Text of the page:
NEVADA CITY, Calif. October 21, 2016 – Who needs a library? With the world’s stockpile of information only a few clicks and keystrokes away, initial logic might favor the fruitful and seemingly bottomless internet as its one-stop-shop for knowledge. I have grown to know differently. I am a recently reinstated Sierra College student — twenty-six years old — with aspirations born from the ever elusive American Dream and ambition forged with the insatiable curiosity to explore however deep this rabbit hole of life may actually go, and I can say, against my generation’s contrary inclination, I need libraries. Don’t get me wrong, in all of its endless potential for connecting people worlds apart and sharing information — whether that is an adorable picture of the children posted for Grandma or the clues to solving our planet’s various mysteries — the internet is a future we must collectively embrace. But even still, a library, however overshadowed by the inevitability of becoming consumed, is worth preserving.

I am a political science major who relies on access to thorough reporting about complex current events, and the internet, as a resource for contextual information, on its own, is insufficient. The world wide web is a wonderful fusion of reliable sources and the uninformed, veiled by an obstructing facade colored by faux credibility. The flurry of uncorroborated opinions presented as facts online often buries the rich cache of truth that acts like a quiet, intelligent young student hidden in the back of the classroom cautiously waiting to be called upon. The internet is the common alternative to a library, but the internet is too new and maybe too naive to have pillaged and replaced its predecessor.

In recent days, I have used books — you know, those heavy things, often musty and perceived to be rarely read by my restless generation — checked out at a library to aid my arguments in both English and Political Science papers, to rediscover the quiet calm achieved by turning powerful pages, and to give context to this volatile world in hope of better understanding why things are as they are. Experts, credible observers, masterful lyricists and authors create depth unmatched in anything other than a stack of printed paper bound together. Yet, the simplicity employed by today’s fact peddlers and the framework by which information is distributed are often the antithesis of deep understanding. Our civilization is currently reliant upon easily digestible information — with an appetite for “tweets” and “soundbites” — and is now revealing deepening divisions in its polarized existence. Depth, context, and understanding in pursuit of knowledge has never been as paramount in overcoming shared obstacles or in acknowledging compromise; the future of our “American Experiment” depends on this pursuit. This is why libraries are as essential, in my eyes, as ever — to present opposition to the trend that this world can be understood simply, to add gray scale to the often black and white lens through which we habitually observe. We all need libraries.

The promise of democracy — liberty and equality — demands of us a pursuit toward a greater understanding of the world and its people. Our responsibility requires tenacity, a resistance to complacency, and a view encompassing far more than ourselves, as the risk is otherwise too great. To waver in adhering to our country’s most fundamental ideals is to compromise the promise of the American Dream that inspired our parents and grandparents, influenced democratic countries across the planet, and helped me realize how privileged I am to call this land my home. Our American saga will only continue because Americans will find a way to better themselves in the name of progress; this is the repeating trend of our history.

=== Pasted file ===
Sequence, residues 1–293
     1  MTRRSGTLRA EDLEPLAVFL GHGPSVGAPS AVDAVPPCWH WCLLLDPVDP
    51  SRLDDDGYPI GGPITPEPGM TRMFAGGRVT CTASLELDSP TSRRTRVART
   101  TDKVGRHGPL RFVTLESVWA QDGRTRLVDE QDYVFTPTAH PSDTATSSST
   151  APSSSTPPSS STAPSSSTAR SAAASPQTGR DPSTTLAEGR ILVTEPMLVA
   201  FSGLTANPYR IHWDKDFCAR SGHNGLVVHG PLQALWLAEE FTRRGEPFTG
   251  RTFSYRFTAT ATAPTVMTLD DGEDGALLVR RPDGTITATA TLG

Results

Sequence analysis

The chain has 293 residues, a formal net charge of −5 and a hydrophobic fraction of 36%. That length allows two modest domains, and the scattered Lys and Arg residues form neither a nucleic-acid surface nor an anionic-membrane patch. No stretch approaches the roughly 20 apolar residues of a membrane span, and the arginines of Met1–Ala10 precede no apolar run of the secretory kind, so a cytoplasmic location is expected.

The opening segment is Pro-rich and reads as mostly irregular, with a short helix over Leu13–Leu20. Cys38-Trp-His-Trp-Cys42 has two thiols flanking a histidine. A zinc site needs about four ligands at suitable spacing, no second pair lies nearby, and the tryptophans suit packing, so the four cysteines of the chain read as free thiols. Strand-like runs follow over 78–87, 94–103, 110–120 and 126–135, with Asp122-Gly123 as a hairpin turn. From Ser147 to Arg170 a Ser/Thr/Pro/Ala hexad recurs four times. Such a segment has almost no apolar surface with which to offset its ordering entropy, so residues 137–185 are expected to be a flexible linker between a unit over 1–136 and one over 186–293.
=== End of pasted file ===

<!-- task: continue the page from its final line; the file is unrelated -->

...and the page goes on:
These are the opinions of an overwhelmed, time-restricted student on a relentless quest for expanding his capacity for knowledge — knowledge, informed by depth and certain truth supplied by reliable sources. Though the arrival of my generation has changed our cultural landscape in unforeseen ways, my fellow compassionate, optimistic, energetic millennials have a compelling propensity for tolerance, interconnectedness, and equality like, I believe, the world has never known. As one of these optimistic young people who was born into the welcoming arms of the internet, I unequivocally believe in powerful, free internet. But I know the internet cannot do everything — yet — and so, society needs more. We all need our libraries.

Look into the prospects of Measure A on your own at Support the continuation and evolution of our libraries, and more importantly, exercise your right to vote – vote “Yes” on Measure A.

One reply on “Benjamin Avansino: An Immeasurable Case for Measure A”

  1. Exceptionally well written and thoughtful. The caveat being that resource material, however one obtains it either by real paper books or internet, is only as accurate as the viewpoint of the writer. We know that history was written by the victors and elite for the most part with lots of gender bias in the mix.
    But, yes, we do need our wonderful libraries. There’s something about the book holding, tactile experience. I think we retain more than the fleeting, ephemeral internet information, accurate or otherwise.

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